“What I learned at Rutgers contributed to my success so far and will continue to contribute to my success in the future.” –Thomas Sessa
Husband and wife entrepreneurs Thomas (BS, Electrical and Computer Engineering ’06) and Dayna Sessa (BS, Biomedical Engineering ’06) are the brains behind Datanomy, their Manhattan-based health analytics firm, that helps hospitals and health organizations make better decisions by unlocking actionable insights from big data. CEO Dayna founded the firm in 2011, recruiting Thomas from Goldman Sachs the following year to serve as the company’s CIO. Datanomy’s recent honors include recognition by the New York City Mayor’s Office, Goldman Sachs 10,000 Small Businesses, and the Tory Burch Foundation.
Why did you choose Rutgers School of Engineering?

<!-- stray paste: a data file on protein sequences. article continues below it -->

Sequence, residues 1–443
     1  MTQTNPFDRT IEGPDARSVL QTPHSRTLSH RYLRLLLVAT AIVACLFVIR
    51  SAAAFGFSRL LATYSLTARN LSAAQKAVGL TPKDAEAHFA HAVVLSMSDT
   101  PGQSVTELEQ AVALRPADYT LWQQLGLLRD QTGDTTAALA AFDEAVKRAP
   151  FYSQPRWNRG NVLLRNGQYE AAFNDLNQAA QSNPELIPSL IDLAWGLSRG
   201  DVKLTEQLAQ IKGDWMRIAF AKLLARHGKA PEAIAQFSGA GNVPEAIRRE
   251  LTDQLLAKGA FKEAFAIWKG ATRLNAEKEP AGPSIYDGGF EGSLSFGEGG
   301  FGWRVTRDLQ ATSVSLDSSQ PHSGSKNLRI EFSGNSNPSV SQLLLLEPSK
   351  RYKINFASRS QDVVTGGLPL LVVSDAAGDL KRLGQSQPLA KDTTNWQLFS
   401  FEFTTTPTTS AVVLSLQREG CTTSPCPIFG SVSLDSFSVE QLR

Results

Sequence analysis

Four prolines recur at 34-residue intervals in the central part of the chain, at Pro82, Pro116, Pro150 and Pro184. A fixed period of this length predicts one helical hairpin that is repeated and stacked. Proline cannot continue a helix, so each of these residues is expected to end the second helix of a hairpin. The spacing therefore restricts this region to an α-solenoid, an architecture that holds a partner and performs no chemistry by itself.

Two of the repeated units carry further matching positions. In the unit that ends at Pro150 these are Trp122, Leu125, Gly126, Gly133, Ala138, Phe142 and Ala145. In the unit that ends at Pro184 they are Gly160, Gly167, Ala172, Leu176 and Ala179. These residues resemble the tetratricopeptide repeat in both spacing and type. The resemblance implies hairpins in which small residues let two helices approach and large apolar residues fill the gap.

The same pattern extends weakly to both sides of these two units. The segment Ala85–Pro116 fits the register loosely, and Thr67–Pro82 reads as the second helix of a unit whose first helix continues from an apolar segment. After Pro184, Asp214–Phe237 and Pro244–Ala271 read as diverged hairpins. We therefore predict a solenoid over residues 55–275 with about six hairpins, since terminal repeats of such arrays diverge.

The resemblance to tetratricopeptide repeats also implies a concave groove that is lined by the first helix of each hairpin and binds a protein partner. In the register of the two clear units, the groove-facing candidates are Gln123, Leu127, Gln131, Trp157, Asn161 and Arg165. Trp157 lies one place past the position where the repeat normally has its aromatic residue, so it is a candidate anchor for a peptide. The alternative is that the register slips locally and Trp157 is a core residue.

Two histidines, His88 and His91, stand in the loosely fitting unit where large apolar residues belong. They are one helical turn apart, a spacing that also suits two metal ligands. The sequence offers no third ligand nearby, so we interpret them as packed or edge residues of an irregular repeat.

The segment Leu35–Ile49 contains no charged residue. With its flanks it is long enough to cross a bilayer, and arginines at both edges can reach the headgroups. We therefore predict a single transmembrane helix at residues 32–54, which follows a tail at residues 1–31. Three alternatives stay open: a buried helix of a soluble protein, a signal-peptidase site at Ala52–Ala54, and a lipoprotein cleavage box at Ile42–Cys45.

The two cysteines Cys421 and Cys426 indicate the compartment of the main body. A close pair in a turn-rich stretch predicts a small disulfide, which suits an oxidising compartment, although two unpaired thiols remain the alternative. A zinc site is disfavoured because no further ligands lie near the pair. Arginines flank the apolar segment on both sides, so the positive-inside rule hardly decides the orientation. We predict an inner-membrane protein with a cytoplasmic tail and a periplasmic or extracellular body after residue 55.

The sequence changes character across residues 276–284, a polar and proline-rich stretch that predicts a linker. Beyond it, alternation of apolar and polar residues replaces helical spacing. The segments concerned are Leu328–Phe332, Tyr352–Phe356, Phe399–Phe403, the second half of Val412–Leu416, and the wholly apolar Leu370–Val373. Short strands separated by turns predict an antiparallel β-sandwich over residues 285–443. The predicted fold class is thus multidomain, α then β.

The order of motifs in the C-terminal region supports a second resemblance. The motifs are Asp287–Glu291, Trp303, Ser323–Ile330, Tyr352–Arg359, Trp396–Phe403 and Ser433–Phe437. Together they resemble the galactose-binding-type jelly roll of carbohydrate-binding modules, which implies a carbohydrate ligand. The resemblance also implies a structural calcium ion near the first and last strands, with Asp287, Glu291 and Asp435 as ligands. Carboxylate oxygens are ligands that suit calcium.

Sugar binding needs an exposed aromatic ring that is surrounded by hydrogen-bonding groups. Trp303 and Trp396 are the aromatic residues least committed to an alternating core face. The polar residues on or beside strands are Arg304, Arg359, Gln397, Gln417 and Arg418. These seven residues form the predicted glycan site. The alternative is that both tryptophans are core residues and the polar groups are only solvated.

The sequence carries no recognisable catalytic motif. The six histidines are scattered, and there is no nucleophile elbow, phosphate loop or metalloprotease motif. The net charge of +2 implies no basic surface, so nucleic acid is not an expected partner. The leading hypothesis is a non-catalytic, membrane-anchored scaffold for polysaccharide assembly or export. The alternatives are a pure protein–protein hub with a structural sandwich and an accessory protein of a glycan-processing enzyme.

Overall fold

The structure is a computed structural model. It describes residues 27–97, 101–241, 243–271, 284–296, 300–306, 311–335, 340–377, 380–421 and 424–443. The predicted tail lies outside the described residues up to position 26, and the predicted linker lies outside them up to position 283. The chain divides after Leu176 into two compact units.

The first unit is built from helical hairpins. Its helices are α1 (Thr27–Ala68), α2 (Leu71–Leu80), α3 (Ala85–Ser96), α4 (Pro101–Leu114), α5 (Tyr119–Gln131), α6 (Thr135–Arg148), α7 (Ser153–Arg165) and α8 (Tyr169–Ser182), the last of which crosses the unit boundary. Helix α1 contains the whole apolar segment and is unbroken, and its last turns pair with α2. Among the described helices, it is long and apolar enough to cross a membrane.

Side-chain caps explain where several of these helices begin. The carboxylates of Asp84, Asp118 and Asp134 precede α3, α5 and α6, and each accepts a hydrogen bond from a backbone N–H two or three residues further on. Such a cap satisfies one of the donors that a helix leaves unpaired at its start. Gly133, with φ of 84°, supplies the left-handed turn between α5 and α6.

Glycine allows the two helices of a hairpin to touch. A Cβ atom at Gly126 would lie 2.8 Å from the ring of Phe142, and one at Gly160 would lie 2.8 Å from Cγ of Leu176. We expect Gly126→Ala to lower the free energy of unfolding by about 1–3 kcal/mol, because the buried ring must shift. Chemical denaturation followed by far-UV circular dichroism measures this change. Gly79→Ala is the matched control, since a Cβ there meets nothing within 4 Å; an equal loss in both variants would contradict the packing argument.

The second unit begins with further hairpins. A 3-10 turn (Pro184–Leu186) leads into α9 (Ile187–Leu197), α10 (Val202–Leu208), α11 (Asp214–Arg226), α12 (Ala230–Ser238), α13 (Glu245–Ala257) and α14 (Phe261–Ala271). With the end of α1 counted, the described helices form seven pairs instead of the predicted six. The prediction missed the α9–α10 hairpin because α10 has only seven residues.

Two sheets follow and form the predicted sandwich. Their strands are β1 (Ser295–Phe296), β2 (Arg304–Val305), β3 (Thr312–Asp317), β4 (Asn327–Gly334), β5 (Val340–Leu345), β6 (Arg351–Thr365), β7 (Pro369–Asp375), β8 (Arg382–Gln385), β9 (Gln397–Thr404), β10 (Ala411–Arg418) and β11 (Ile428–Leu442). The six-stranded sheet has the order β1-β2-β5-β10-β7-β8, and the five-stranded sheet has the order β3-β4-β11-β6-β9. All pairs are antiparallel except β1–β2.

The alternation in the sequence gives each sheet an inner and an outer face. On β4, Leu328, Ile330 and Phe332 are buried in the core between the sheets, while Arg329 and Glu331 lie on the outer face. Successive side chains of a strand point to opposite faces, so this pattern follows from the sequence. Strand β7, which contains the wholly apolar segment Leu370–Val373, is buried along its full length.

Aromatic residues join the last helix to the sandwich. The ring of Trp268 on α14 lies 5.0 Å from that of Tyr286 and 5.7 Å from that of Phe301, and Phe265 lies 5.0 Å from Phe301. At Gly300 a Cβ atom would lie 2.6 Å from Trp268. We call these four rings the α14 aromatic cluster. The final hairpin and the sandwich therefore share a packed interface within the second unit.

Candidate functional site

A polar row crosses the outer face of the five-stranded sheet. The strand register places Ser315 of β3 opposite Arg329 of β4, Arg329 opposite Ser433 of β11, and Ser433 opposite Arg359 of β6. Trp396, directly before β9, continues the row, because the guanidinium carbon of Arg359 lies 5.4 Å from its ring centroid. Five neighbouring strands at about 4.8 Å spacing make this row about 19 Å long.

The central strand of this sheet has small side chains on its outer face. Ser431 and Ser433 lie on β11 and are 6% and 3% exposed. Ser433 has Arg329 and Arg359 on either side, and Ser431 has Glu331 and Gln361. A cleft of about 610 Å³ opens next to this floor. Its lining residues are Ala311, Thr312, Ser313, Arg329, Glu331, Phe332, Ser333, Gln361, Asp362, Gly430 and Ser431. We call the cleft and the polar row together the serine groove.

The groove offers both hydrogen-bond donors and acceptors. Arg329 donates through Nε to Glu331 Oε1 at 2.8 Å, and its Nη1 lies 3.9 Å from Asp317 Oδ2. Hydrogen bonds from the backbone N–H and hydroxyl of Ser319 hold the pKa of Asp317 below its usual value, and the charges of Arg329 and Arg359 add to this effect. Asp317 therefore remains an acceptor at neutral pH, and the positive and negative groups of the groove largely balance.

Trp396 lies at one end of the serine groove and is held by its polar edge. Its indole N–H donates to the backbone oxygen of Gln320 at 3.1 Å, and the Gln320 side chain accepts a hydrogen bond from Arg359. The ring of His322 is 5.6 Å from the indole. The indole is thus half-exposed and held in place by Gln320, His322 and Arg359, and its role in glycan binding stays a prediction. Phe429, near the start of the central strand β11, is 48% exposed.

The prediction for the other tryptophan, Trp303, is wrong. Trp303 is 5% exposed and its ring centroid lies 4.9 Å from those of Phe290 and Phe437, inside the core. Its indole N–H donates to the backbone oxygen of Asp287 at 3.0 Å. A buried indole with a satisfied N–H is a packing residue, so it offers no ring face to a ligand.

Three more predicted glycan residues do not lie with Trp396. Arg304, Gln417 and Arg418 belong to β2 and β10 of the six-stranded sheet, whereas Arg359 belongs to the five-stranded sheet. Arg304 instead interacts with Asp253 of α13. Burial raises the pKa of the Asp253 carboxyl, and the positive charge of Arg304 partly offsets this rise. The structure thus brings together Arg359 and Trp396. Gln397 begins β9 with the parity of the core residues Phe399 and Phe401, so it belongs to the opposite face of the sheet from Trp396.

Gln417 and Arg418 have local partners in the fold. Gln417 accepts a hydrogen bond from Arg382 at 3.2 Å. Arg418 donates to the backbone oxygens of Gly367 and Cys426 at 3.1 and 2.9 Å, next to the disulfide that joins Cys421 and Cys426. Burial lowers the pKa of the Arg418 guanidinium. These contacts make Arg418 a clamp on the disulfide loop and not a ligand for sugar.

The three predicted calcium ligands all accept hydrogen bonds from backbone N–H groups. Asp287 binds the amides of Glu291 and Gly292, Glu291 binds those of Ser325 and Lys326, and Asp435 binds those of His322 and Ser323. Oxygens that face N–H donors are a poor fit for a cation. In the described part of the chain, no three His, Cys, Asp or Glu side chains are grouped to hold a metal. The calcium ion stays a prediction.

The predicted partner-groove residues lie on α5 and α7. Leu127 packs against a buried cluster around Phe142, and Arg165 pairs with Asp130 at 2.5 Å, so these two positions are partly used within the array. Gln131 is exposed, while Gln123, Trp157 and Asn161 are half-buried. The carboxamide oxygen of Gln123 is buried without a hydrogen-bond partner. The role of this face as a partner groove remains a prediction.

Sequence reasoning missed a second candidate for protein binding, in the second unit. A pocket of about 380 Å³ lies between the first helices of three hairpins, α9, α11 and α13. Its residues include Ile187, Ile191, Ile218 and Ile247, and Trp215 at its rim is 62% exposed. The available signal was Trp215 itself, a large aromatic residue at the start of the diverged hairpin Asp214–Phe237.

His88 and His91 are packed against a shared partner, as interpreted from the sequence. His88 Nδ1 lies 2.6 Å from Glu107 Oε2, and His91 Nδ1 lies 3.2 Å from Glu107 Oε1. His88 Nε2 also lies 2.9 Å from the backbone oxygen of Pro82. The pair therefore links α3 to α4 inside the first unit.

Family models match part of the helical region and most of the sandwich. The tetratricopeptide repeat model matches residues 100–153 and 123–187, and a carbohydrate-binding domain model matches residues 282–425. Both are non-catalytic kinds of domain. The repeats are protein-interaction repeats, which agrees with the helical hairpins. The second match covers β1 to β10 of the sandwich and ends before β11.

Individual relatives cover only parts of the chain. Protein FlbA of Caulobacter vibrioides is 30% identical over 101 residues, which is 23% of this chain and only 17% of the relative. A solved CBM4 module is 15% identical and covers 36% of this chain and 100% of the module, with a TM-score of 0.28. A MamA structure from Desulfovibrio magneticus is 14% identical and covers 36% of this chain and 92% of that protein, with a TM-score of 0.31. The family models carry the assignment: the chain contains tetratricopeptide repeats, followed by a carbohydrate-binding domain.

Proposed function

Thomas: Rutgers gave me the opportunity to get an Ivy League education at the cost of a state university. I was the first in my family to go to college and paid my own way through Rutgers.
Dayna: I really didn’t know what I wanted to do. I was interested in architecture and even biophysics. Engineering seemed less limiting and covered interesting things that I wanted to touch on. Of course, little did I know that the industry I’d go into hadn’t been created yet.
How did you meet?
Dayna: We met freshman year. We were among the few freshmen taking an engineering economics class.
Thomas: Dayna and I spent time together, with me trying to seek her out. We’d eat together, take long walks, and discuss the meaning of life.
Dayna: There were so few women in engineering, he had to take a shot when he could get it!
Thomas: One of my first entrepreneurial efforts was Rutgers Roses. In February I asked Dayna if she’d help me sell some roses.